First, the triumph of private property in West Bengal, India:
The [Communist Party of India-Marxist] CPI-M won Bengali hearts and minds through “Operation Barga” in 1978 that awarded tenancy rights to poor sharecroppers (called “bargadars”) who tilled farms. . . .
This was not full land reform, since the tenants did not gain ownership rights. Yet the Communists’ move to record and hand bargadars certificates of tenancy represented real progress. It expanded farm productivity, as well as sharecroppers’ freedom. Rights to tenancy also raised expectations of full property rights some day. . . .
In truth, the Communists never planned to grant full property rights, and not just because it violated a fundamental tenet of their ideology. Operation Barga was designed to leave villagers politically beholden to the party. Awarding title, so a bargadar could one day sell his land and move on, would have defeated the strategy. . . .
The combination of partial land reform and complete political control came back to haunt the Communists in the past decade. By 2001, the fruits of capitalism had started to become apparent, especially at the state level where chief ministers competed for investment and jobs.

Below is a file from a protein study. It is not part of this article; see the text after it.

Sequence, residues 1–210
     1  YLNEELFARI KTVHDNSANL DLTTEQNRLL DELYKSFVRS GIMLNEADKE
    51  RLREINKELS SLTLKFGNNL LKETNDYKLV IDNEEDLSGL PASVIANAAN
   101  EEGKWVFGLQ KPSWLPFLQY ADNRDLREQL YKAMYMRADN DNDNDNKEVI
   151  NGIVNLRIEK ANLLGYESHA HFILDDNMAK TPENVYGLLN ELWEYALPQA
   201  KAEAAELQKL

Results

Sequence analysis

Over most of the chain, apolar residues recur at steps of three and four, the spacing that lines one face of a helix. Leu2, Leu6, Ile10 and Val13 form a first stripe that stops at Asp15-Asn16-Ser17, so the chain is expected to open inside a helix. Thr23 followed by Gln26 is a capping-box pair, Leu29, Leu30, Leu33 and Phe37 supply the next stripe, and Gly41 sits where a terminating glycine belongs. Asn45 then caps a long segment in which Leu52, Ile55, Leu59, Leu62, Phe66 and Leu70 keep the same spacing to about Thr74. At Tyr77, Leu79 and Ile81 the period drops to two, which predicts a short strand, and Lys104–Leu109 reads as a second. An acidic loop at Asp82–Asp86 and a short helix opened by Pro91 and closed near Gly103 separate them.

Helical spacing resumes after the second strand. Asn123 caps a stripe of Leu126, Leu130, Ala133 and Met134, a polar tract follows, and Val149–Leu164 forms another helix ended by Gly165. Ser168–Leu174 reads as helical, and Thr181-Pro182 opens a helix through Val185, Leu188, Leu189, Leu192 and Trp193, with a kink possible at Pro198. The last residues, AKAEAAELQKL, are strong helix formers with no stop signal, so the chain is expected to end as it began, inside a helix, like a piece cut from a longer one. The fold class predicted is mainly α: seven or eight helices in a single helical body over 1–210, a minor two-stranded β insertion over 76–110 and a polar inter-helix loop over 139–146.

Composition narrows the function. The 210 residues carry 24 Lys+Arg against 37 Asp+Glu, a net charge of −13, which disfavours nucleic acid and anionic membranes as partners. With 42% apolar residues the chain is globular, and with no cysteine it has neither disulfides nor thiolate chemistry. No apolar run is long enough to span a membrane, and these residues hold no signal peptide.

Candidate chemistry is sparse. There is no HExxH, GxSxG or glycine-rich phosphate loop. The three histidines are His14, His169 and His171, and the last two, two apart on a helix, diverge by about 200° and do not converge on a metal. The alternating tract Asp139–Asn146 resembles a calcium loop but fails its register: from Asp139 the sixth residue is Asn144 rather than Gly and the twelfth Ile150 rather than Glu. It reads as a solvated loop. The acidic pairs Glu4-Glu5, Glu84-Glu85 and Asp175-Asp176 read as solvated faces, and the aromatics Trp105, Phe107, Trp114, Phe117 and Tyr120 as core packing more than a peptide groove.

As people began to see these fruits of private property, the power of the Communists declined and eventually they were defeated. Private property allowed the people of West Bengal to succeed.
Second, the failure of Salamanca, NY:
In a valley that curves along the Allegheny River is a tract of land built on opportunity, greed and the bureaucratic nightmare of being one city in two nations.
According to state and local authorities, Salamanca is the only U.S. city on an Indian reservation. . . .
Acts of Congress in 1875, 1890 and 1990 created a landlord-tenant relationship between the Seneca Nation and Salamanca’s homeowners and businesses.
Homeowners and businesses occupied their properties in accordance with a 99-year lease originally granted by the Seneca Nation in 1892. It expired on Feb. 19, 1991 . . . 15 property “owners” eventually were evicted by the Seneca Nation.
Today, shabbiness blankets what could be a quaint river town, a state park and a national forest. Garish “Nation-owned” cigarette outlets and gas stations produce a city drawn by Norman Rockwell but touched up by Jackson Pollock. . . .
The result, in Salamanca as elsewhere, is sweeping, perhaps irreversible, economic and social devastation.
By contrast, here in the United States, the failure to enact private property reforms has seemingly doomed this unique city.